MORGAN: It’s one of the things that makes us very hard to study as a researcher because not only do we work in a lot of specialties, but even within specialties we do different things. So, for example, if you think about primary care, we might be pretty much just like a physician and have our own panel of patients. But some primary-care practices use P.A.s to just see the same day walk-ins. And some use P.A.s or N.P.s to do patient education or follow-ups on chronic diseases like diabetes. And so, it is hard to study because if you lump all those people together, you don’t get the truth of any one of those roles.

The physician assistant profession was created in the 1960s in response to a shortage of primary-care physicians. We’re now facing a similar shortage, according to the American Association of Medical Colleges. Can physician assistants fill that gap? Should they? What about nurse practitioners?

Not long ago, Perri and her colleagues started to think about those questions, and also this one: How do patients do when they’re cared for by a physician assistant or nurse practitioner, compared to a doctor? They used data from the Department of Veterans Affairs because:

MORGAN: The V.A. in primary care has a patient panel system where patients are assigned to the panel of either a nurse practitioner, a P.A., or a physician. Each of those primary care providers has a nurse, and other people that support them. So we thought the role was pretty similar. In order to make it even more similar, we limited the study to patients with diabetes in primary care. And so, we followed those patients for two years. The first year was just to establish that the primary care provider was actually their primary care provider, who they saw most of the time. And the next year we looked at outcomes and compared intermediate outcomes of diabetes care, which are how well the blood sugar’s controlled by hemoglobin A1C, how well the blood pressure is controlled, and how well the cholesterol is controlled in those patients.

JENA: Why did you focus on diabetes?

MORGAN: It’s a huge public-health problem. So, it’s one of the most important diseases. We wanted to compare apples to apples. We wanted to compare a similar role for the provider, the P.A., the N.P., or the physician. And we wanted the patients to at least have some similarities. Another nice thing about diabetes, if you’re a researcher is that it does have outcomes that can be measured in the relatively short term, we don’t have to wait and see if people have long-term complications. And we found no meaningful difference among the three groups.

JENA: Did you find anything in terms of resource use or costs?

MORGAN: Yes. One of the other reasons we were happy to use V.A. data is that you could actually calculate total cost per year per patient, which is very difficult to do in other settings. And to our surprise, we found that — well first I need to pause a minute and say, I think that P.A.s and N.P.s might be expected to see patients who are less complex. So it’s very important if you’re dealing with a patient who’s less sick, they’re gonna end up less sick at the end of the study, right? We were able to balance for all kinds of things, number of chronic diseases, health factors, but also they have data on socioeconomic factors. So after balancing for those factors, we found that the patients of P.A.s and N.P.s actually cost less per year than the patients of physicians. We were surprised. We expected that to be the same.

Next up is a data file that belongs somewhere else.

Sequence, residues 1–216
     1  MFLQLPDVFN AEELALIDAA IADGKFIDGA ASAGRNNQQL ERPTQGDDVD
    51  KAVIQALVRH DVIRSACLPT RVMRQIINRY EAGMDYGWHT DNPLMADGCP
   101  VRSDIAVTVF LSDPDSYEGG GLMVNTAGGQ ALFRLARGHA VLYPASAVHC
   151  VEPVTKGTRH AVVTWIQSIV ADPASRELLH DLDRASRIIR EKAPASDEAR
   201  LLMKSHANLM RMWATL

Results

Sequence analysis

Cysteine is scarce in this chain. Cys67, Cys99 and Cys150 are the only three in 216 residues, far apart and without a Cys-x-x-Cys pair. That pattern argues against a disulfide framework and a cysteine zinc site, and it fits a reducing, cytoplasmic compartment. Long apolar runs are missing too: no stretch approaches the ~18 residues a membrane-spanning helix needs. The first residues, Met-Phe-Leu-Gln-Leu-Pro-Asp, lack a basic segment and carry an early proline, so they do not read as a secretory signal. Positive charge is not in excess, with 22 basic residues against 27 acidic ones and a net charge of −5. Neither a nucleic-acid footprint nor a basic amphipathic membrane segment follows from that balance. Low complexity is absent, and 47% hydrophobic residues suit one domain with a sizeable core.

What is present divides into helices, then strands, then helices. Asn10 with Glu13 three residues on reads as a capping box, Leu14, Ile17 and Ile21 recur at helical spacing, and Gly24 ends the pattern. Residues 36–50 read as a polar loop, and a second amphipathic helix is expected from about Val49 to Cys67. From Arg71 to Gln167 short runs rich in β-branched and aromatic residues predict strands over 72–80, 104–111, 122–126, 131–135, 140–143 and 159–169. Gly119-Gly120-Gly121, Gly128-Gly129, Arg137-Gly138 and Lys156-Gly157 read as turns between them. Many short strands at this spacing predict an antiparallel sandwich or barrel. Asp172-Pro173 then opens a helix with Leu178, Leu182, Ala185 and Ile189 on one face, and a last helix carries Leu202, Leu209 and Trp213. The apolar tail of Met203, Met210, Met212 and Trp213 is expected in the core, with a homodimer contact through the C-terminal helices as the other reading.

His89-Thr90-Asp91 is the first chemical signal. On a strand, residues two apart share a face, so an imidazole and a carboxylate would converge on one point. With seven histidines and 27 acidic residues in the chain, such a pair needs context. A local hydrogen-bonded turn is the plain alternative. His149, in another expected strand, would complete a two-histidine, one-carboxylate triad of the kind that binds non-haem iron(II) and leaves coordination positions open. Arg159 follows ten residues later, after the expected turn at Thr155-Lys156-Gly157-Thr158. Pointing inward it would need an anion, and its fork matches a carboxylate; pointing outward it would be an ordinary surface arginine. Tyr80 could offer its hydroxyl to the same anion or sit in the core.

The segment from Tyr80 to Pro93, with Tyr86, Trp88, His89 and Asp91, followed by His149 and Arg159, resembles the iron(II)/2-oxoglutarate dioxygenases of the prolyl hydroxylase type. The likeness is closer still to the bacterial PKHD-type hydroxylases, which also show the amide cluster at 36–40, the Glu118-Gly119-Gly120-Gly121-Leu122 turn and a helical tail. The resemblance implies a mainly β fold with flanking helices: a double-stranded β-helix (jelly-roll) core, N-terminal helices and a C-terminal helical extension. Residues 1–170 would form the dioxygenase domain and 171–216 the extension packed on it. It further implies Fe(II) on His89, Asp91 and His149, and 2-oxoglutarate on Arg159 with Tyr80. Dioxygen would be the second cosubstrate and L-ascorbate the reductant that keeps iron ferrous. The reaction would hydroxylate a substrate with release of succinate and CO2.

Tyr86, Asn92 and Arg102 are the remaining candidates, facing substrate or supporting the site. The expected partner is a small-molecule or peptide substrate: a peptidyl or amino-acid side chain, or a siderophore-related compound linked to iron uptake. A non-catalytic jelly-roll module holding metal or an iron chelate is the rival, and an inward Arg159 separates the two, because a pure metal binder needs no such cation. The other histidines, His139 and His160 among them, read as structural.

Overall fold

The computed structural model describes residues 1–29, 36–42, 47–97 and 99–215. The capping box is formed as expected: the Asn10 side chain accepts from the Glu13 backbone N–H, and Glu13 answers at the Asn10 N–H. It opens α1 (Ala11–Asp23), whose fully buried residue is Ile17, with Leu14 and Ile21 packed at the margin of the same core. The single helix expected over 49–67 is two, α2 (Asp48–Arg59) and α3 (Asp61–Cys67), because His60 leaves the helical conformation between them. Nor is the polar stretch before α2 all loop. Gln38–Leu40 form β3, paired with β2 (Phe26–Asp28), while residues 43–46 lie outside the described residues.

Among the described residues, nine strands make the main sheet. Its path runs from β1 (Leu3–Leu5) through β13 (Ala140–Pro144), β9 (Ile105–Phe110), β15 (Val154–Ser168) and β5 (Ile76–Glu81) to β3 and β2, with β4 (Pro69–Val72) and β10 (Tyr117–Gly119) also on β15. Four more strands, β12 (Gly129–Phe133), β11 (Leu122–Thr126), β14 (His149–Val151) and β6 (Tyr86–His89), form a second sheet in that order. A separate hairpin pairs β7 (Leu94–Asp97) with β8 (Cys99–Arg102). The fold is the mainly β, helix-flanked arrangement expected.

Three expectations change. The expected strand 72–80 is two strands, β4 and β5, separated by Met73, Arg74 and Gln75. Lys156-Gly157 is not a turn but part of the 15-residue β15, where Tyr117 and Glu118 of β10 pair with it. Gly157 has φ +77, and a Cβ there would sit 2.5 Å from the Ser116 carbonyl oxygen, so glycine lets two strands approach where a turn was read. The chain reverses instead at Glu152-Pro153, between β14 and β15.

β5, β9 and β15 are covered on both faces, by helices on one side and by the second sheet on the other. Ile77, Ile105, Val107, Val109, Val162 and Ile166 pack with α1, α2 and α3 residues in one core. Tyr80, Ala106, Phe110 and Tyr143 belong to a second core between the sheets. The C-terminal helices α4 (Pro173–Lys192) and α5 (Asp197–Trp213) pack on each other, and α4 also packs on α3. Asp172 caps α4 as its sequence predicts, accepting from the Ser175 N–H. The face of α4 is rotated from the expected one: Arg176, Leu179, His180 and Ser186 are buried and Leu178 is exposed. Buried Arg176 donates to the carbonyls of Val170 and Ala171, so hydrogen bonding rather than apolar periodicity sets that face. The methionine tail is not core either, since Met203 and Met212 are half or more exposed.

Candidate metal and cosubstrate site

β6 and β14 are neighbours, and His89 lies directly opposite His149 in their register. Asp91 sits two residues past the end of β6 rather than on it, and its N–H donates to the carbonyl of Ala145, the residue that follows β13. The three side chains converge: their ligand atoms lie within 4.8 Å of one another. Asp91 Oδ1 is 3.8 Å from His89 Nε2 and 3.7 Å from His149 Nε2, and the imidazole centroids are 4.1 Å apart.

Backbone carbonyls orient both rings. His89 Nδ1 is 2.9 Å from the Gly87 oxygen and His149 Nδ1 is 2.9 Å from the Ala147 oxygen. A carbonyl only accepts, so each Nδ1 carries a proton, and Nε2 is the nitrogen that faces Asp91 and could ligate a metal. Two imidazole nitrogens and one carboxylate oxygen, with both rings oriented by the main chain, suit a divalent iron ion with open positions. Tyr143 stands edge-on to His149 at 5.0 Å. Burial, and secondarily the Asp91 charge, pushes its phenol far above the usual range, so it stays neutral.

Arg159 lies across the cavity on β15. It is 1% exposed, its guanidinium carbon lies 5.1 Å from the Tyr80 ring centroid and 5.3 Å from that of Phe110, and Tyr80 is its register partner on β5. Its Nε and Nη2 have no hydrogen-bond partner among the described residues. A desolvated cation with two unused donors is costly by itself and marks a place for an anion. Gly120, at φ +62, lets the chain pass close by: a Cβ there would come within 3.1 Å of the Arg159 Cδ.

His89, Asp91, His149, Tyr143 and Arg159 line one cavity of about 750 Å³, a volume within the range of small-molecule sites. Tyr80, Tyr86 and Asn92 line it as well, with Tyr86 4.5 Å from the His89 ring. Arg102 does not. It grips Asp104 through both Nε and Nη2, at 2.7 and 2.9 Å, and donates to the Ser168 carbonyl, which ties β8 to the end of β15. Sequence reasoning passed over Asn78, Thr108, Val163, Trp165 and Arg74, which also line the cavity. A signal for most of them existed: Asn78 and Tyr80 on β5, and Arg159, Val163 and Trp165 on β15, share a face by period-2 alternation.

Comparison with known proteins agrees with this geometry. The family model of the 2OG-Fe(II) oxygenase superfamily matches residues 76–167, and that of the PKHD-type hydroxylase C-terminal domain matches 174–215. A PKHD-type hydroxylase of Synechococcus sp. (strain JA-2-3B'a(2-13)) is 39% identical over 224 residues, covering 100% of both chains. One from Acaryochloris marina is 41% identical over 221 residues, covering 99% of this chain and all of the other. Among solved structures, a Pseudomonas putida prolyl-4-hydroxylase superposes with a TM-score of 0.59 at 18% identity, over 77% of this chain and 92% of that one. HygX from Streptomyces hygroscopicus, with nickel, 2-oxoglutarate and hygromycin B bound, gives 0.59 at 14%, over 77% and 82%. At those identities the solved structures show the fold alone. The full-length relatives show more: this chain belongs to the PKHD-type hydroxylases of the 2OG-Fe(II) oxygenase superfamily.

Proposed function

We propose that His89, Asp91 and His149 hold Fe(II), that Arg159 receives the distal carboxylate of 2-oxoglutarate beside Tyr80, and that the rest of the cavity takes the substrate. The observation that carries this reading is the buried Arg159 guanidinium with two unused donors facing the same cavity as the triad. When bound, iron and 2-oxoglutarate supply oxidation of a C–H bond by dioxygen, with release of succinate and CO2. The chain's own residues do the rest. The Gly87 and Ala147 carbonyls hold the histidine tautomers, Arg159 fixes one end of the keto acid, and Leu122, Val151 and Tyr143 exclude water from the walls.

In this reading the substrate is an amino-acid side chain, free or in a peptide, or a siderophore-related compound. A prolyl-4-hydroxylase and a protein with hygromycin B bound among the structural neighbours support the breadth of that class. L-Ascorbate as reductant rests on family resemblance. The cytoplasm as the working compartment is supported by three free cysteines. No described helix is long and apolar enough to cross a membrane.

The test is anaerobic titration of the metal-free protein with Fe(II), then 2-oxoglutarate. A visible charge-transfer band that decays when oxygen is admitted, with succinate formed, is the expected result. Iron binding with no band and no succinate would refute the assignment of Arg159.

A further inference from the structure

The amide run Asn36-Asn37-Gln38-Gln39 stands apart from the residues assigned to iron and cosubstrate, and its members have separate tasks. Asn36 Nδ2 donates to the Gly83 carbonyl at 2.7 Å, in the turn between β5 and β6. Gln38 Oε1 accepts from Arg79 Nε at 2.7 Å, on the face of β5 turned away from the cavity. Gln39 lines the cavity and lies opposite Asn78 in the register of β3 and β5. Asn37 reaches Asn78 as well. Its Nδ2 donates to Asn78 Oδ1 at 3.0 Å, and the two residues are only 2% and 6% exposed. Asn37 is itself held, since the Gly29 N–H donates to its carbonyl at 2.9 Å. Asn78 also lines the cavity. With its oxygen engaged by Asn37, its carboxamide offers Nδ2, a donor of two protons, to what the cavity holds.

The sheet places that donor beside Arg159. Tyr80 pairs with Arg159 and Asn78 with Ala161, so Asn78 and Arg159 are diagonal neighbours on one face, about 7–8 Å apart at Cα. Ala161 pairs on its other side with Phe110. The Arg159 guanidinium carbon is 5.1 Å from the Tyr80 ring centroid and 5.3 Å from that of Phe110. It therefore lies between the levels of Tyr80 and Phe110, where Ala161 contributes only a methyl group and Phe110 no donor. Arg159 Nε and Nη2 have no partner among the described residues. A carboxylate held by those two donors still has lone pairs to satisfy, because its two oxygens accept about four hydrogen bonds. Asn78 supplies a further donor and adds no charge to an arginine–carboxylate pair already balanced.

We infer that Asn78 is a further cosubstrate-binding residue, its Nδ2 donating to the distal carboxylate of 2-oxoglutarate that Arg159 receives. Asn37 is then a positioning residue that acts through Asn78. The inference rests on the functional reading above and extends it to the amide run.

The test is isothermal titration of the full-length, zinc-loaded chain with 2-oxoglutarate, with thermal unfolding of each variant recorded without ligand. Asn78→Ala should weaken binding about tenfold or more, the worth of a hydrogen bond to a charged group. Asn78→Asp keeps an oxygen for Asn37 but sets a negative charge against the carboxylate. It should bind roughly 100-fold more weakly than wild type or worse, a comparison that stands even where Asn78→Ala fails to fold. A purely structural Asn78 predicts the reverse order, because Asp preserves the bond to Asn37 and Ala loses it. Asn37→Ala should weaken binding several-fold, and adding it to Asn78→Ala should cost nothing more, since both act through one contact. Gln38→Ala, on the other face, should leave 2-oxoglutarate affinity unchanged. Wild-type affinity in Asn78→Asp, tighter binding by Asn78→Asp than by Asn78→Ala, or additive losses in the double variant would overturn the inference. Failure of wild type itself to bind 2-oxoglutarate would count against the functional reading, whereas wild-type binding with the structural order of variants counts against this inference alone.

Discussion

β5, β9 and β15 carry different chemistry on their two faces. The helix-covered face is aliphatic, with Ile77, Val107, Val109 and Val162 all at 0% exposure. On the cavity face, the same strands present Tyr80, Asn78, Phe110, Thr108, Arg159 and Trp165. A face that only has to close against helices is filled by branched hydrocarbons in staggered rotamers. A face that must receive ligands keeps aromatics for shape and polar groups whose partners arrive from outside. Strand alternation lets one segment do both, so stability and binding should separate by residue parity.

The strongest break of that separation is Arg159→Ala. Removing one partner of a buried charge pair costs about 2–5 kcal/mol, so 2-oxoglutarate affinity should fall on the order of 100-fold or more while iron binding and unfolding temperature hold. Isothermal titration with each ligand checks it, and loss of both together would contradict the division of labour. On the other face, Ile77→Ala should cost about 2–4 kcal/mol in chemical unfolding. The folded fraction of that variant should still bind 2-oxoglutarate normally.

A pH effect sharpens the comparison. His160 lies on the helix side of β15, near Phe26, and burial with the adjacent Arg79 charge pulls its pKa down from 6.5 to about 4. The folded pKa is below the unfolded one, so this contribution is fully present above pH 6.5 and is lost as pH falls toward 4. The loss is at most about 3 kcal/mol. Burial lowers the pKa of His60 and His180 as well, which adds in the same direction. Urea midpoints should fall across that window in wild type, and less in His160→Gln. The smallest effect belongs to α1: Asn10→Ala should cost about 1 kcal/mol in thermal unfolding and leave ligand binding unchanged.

JENA: So similar outcomes, but lower costs.

MORGAN: Yes, and the difference in cost showed up in hospitalizations and emergency department visits. The patients of P.A.s and N.P.s were less likely to have both of those, so they ended up with lower cost.

JENA: What is your thought as to why you saw lower rates of hospitalizations and E.D. visits among P.A.s who were taking care of patients with diabetes? 

MORGAN: Yeah, we don’t know. And the study wasn’t designed for that. I’m a P.A., we had a nurse practitioner on the team, and we had a physician on the team. The physician said —”You know, when you go through long medical training like physicians do,” he said, “we’re very comfortable with hospitals. In a way, if we’re worried about a patient, we’d like to see them in the hospital.” That may just have been his opinion. We asked around quite a lot when we presented this work, “Does anybody have an idea why this is true?” It could be residual confounding, meaning that the patients of physicians were still sicker than the patients of P.A.s and N.P.s in some way that we couldn’t measure and account for.